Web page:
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ethical considerations From the viewpoint of consequentialism the media can be judged based on the values it maximizes for the general public, the media is then judged based on it’s usefulness for society. As was said, the media functions as a transferor of information and with transferring information the media can help maximize values like pleasure, entertainment and knowledge, these values however do not apply or they do not apply in a specific manner to issues that are related to actualities, controversies and most importantly to risk. There is however the intrinsic value of truth that should indeed be maximized when dealing with items that are relevant to society, this may function as a leading goal but it is not sufficient to say that the media must simply tell the truth and consequentialism alone does not provide the tools to give a firm judgment on whether the actions of the media are ethically sound. Therefore it is not practical to judge the role of the media based on consequentialism but it can be said that the value “truth” will be one of the prime values in forming a judgment. In defining the relevant ethical values, ethics of virtue does not provide the means to describe the concept of mass media, virtue’s apply to personal characteristics or if I extend that to the media, it defines right or wrong based on the development of certain moral characteristics with respect to the moral framework of the society. Since the media serves the public it should first and foremost be dependent on the effects each individual action has on the public, implying that simply abiding by the moral characteristics is not enough to do the “right” thing with respect to the public for any specific case. Therefore ethics of virtue is not considered as suitable for giving an ethical judgment on the media. Kantian ethics will form the basis for the ethical considerations, the values that are important for the media are the values that treat humanity as an end instead of a means, the media serves humanity through transferring the truth. Also, in speaking of media in a general sense the moral law must be defined independent from cultural moral frameworks, requiring that the moral law is based on motives and reasoning rather then results alone. Thirdly, since the media cannot to be seen separately from the actors (as discussed earlier) and since the behaviour of the media is directly visible for the public the media must fulfil the first categorical imperative, giving the right example. Specifically important for the relation between mass media and media nuclear energy is the fact that the media is the most important risk communicator for the general public; besides the individuals’ experience people are made aware of risks by or through the mass media. The direct consequence of this is that the media has the obligation to publicize knowledge on risk’s insofar that sharing the risk doesn’t form a risk in itself; in sharing information the media must be aware of the consequences it has on the receiver, when sharing information on risks it is always important to consider the stress and panic it may induce with those who are affected by the risk. Also, the decision on sharing information on risks should be made independent of any third party, it should only be affected by the relation between the medium and the receiver. Independent of the considerations whether a risk is relevant enough to be publicised the mass media should be consistent in considering all information they have knowledge of ; the media thus has the obligation to be truthful. In sharing important information on risks the description of the information and especially the description of the risk is vitally important for the interpretation of the receiver. The information presented must be complete as much as possible, preventing miscommunications and providing the basis for a thorough and constructive discussion, so completeness is an important value supplementing the value of truthfulness. If important information is missing or if the information is speculative in nature the media have the obligation to make notice of this fact, as to abide by the value of completeness and truthfulness. The absolute requirement is that the information is judged based on rational and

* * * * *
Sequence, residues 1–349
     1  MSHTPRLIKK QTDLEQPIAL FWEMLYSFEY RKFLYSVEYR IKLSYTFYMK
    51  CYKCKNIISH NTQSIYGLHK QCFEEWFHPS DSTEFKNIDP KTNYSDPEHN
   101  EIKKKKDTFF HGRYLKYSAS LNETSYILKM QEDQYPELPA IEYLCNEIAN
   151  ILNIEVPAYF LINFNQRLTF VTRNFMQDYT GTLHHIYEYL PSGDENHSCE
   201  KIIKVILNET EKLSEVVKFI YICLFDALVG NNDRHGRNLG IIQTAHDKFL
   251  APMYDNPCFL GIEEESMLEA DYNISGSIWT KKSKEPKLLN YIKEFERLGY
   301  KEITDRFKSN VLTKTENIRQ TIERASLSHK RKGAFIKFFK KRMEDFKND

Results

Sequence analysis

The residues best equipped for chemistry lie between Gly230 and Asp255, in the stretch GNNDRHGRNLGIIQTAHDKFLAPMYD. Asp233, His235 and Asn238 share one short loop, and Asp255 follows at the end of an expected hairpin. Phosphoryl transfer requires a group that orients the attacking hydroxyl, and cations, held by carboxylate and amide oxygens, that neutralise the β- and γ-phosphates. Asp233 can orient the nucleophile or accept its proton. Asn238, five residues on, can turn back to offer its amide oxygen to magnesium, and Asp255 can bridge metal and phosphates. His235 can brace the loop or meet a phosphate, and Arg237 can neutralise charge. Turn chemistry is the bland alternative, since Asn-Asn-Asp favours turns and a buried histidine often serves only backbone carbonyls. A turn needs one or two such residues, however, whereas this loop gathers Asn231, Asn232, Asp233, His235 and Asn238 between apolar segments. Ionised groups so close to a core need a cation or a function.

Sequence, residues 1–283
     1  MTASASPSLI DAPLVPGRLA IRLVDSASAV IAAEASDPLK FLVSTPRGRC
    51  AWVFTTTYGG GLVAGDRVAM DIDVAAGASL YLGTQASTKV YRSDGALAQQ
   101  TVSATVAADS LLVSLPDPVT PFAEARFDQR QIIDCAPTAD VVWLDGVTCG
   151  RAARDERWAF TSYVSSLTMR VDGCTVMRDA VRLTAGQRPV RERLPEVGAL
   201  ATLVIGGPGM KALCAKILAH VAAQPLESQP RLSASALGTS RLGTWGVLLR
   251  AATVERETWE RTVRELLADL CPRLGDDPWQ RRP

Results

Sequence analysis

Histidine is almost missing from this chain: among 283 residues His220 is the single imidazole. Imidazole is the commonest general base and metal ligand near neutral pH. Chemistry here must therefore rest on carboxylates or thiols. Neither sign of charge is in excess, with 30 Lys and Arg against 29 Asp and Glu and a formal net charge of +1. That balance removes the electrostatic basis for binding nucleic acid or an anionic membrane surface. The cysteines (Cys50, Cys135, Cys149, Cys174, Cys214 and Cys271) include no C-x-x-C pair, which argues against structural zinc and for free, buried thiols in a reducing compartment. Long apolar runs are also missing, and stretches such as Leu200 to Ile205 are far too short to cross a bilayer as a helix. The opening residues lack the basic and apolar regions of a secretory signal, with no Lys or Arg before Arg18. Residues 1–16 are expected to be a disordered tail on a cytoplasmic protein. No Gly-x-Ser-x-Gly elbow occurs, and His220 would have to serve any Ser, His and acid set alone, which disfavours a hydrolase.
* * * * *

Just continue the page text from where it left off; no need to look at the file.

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unprejudiced contemplation, indeed this is required to consistently abide to the set out values and norms ; thus objectivity is a norm rather than a value. Also, in transferring the information that has been gathered with regard to scientific publications, the media should be focused on delivering the information in the context that was intended or provided by the scientist(s) responsible for the publication. reality The popularity of programs is more or less democratically determined, but what about news broadcasting? If one would consider a single broadcaster and a single press agency then, sure the media can control the masses, they would be unlimited in manipulating the masses to their (or the corporations’ or the governments’) pleasing, there would be simply no rebuttal, no different voices that might argue publicly about certain issues. Fortunately the western world maintains pluralism as the norm for the general mass media, albeit in different forms, the US maintains a policy of more or less uncontrolled diversity and the Netherlands has a system of public stations (radio and television) which are filled by subsidised broadcasting collectives and commercial broadcasters. The pluralistic principle is maintained throughout the western world as a reflection of the free market economy and of course as a reflection of the democratic values that are upheld; therefore the mass media are market regulated; through the existence of a large amount of press agencies and broadcasters there is a natural division based on what the public wants to see, hear or read and most importantly, the public has free choice. So, the audience has a free choice in the channels that are watched and listened to and the newspapers that are read and anyone is free to provide news. This freedom in sharing, providing and choosing sources of information guarantees an overall independence, but that is if one would use all sources of information. The mere fact that people may seek other sources for news is not a justification for bringing news in a biased fashion, indirectly propagating any particular ideology may still be described as corrupt if the viewer assumes impartiality, therefore the qualification of independence should apply to all forms of and elements in the mass media, reaffirming that independence is a value to judge mass media. It directly follows from the required clarity of ones motives that integrity is a specific value to be adhered to by those presenting the information having no ulterior motives besides presenting relevant information. The values of independence and integrity are not enough to ensure that the information is not systematically in favour or against any particular way of thinking, therefore neutrality should be considered as a separate but intrinsically related value that ensures a general independence of the media with respect to the actors. Overall one can say that the media is sensitive to corruption and manipulation by the various actors, the media itself is dependent on the actors, for viewer ratings, legislation and income; there is a fine line between being dependent on the actors and being corrupted by the actors. Therefore in informing the audience the media have large responsibilities; truthfulness, objectivity, integrity and independence are probably the most important values for pluralistic media and more specifically neutrality is important for systems where there is a more centralized role for particular players within the media.